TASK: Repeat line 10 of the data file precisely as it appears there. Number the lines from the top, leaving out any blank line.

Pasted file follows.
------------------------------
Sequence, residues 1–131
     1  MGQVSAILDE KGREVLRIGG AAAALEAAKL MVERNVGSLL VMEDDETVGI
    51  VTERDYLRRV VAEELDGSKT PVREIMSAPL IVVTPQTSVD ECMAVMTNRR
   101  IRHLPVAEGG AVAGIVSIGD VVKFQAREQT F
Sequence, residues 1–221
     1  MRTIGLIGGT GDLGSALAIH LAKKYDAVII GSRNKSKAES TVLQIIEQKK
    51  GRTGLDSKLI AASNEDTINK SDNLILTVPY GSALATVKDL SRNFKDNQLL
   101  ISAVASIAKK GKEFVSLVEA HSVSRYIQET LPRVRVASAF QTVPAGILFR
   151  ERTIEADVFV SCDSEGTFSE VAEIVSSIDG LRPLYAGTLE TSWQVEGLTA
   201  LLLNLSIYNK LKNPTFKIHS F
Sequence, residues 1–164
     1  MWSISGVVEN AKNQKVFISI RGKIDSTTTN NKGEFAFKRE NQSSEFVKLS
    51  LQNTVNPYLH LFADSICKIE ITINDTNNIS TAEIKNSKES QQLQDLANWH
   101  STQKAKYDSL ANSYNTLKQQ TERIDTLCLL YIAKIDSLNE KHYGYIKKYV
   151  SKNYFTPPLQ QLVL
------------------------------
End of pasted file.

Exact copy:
   201  LLLNLSIYNK LKNPTFKIHS F